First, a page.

On August 14, 2018, Pennsylvania’s Attorney General released a long-awaited grand jury report that showed top Roman Catholic leaders in Pennsylvania covered up decades of child sex abuse involving 300 priests and more than 1,000 victims. The grand jury report covered six Pennsylvania Catholic Diocese: the Diocese of Harrisburg, the Diocese of Pittsburgh, the Diocese of Greensburg, the Dioceses of Erie, the Diocese of Scranton, and the Diocese of Allentown.
The grand jury also recommended a series of legal changes members believe would be beneficial moving forward.
Expand criminal statute of limitations
Since the sexual abuse dates back decades, many of the abusers can no longer face criminal charges. Recently, the state of Pennsylvania expanded the statute so abusers can be prosecuted until the victims reach 50 years old. The grand jury said it doesn’t go far enough, and that the statute should be eliminated.
Open a “civil window” for abuse victims
The grand jury’s second recommendation is to create a mechanism by which child sex abuse victims can file a lawsuit against their abusers in civil court.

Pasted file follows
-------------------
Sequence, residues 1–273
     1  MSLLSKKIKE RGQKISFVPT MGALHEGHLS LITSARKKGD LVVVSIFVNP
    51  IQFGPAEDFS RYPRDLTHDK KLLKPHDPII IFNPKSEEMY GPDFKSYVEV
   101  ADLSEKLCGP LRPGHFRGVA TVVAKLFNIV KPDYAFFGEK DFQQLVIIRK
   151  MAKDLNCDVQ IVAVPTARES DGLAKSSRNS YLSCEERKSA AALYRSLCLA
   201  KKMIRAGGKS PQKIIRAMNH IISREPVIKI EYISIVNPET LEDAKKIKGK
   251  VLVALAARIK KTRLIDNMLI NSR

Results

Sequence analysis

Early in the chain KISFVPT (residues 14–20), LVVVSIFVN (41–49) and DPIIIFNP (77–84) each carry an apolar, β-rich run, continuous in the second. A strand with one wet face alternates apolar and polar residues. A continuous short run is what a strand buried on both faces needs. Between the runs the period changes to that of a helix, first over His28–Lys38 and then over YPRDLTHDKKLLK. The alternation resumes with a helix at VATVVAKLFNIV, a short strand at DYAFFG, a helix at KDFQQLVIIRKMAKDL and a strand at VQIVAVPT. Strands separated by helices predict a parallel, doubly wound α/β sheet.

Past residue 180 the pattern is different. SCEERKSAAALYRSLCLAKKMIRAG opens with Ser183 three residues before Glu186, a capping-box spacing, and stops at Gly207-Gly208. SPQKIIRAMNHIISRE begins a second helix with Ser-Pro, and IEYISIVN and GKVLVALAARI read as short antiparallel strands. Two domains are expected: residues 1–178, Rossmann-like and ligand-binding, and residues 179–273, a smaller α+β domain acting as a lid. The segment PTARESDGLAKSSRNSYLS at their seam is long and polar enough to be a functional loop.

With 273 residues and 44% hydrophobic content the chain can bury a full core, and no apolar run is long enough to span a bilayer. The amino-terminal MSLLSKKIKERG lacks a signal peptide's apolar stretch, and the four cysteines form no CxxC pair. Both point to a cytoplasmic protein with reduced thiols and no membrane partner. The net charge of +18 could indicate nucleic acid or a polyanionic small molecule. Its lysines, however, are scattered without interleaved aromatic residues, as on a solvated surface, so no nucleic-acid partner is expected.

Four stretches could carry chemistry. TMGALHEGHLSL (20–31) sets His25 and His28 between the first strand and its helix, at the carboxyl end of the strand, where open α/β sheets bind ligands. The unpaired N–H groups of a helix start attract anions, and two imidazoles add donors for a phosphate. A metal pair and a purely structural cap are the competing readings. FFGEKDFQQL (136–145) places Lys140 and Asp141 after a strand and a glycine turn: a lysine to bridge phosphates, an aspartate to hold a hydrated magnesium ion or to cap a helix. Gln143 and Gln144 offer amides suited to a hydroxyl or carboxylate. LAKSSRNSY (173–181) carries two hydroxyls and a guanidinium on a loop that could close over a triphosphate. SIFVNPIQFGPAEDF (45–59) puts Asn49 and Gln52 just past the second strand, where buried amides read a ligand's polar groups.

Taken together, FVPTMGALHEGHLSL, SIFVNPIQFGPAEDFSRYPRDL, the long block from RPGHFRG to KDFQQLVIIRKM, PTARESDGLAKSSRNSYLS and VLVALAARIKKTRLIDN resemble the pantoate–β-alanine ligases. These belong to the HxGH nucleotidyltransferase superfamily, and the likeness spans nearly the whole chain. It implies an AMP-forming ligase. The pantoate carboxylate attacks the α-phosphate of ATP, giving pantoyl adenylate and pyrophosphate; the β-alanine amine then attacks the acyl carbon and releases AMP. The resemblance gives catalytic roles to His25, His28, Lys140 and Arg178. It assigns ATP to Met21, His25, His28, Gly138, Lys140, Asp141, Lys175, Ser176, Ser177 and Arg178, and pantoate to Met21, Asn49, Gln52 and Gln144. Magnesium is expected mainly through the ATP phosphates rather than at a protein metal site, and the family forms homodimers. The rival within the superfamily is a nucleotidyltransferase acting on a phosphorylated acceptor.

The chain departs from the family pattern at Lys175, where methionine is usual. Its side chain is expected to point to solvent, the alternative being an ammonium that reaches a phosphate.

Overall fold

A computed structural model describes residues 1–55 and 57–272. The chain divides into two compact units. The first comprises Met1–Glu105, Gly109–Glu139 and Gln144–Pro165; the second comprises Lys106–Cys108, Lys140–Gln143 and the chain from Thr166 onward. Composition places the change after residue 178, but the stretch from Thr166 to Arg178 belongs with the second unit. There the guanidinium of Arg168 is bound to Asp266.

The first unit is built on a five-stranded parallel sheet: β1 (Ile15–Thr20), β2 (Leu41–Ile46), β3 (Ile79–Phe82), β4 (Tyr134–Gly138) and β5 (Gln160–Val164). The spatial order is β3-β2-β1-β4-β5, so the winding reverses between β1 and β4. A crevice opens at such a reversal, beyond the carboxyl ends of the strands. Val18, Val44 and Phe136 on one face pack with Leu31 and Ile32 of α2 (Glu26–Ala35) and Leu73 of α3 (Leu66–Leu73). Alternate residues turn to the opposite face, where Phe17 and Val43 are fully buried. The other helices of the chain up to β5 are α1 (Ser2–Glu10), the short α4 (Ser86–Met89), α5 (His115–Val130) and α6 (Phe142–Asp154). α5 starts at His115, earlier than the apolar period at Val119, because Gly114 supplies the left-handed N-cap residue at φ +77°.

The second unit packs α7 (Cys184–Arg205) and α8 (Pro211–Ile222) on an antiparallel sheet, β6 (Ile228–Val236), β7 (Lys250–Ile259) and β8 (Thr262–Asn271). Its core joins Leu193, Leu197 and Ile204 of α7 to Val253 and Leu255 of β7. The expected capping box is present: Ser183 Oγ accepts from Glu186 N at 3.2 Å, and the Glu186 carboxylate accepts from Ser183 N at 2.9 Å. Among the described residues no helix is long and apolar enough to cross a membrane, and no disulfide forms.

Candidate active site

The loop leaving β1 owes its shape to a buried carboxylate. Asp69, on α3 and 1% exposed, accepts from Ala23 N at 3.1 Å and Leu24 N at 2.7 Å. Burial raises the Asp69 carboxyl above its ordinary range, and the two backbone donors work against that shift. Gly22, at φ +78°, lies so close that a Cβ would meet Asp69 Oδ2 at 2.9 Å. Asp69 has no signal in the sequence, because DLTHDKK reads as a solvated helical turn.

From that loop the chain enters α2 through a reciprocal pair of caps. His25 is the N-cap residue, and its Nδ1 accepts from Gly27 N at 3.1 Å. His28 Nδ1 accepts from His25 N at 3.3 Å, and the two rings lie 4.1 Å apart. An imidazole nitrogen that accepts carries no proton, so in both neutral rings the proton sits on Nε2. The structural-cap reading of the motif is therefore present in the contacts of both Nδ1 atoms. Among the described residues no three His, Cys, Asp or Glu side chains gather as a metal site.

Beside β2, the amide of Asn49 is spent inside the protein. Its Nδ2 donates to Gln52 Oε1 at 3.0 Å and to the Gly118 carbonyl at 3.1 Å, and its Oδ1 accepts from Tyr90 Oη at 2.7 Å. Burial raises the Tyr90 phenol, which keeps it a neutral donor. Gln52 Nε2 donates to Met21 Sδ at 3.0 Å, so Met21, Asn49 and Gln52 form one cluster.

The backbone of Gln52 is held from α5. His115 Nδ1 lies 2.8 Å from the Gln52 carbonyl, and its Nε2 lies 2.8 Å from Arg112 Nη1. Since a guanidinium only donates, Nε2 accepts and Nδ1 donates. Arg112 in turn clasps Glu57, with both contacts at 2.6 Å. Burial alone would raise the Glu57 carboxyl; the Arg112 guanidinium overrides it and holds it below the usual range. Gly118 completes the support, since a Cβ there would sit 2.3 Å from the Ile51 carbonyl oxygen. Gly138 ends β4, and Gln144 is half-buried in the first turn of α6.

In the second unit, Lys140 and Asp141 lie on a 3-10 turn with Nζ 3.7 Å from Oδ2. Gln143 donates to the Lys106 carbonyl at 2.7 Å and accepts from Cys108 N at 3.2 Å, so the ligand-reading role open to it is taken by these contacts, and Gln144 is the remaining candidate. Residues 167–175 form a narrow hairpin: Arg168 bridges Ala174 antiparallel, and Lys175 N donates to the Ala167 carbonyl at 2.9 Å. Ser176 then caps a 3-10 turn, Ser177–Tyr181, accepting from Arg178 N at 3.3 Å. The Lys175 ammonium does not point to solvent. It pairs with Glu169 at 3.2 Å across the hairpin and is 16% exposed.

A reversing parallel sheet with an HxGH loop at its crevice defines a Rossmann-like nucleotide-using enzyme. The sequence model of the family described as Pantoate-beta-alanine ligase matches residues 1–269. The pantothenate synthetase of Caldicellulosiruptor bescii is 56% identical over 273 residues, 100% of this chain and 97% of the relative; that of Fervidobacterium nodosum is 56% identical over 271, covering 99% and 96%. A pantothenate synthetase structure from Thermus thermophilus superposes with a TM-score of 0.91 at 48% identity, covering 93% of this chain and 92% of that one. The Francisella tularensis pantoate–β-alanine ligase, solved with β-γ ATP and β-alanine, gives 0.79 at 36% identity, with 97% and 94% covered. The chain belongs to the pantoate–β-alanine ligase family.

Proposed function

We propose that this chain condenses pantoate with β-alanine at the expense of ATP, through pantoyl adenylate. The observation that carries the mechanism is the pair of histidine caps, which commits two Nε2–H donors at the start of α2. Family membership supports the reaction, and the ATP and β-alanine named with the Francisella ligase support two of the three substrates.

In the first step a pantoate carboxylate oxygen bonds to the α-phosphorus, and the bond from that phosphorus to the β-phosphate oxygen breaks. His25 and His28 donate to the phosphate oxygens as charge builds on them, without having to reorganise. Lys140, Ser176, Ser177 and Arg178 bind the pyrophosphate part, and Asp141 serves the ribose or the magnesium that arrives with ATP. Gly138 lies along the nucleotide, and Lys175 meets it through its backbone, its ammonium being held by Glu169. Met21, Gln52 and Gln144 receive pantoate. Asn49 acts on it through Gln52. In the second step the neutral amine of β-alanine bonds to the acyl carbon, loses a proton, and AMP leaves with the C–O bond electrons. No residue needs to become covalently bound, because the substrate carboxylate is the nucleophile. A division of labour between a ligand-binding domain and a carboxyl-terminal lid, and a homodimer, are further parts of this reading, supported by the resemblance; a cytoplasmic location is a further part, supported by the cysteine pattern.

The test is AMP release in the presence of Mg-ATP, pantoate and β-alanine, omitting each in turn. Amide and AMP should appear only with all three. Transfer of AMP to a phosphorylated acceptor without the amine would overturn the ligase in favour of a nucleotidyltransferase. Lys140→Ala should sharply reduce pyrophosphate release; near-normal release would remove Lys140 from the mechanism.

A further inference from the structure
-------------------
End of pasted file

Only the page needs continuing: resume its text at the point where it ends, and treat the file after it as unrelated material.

Pennsylvania’s current law allows victims to file civil complaints until they are 30 years old. This law, however, was only created 15 years ago, and many of the victims were already beyond that window. Prior to 2003, victims only had two years to file civil suits against their alleged abusers, or until age 20.
Prior efforts at statute of limitations reform
In 2016, Pennsylvania’s House of Representatives passed a bill that would have allowed anyone under 50 years old to bring a civil lawsuit arising from their sexual abuse, against both perpetrators and the institutions that enable them. The bill also would have eliminated the statute of limitations for all future child sex abuse crimes. But when the bill moved to the Senate, it faced a concerted campaign from the Catholic Church and the insurance industry, and ultimately failed.
This time, in the wake of the most recent, demining grand jury report, we are hopeful the measure will pass, and older victims of abusive Catholic clergy will be able to hold their abusers accountable in court.
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If your family has experienced the horror of abuse perpetrated by a religious leader or within a religious organization, you have the right to demand justice. Talk to an attorney with the experience, knowledge and attitude to fight for accountability on behalf of abuse victims.
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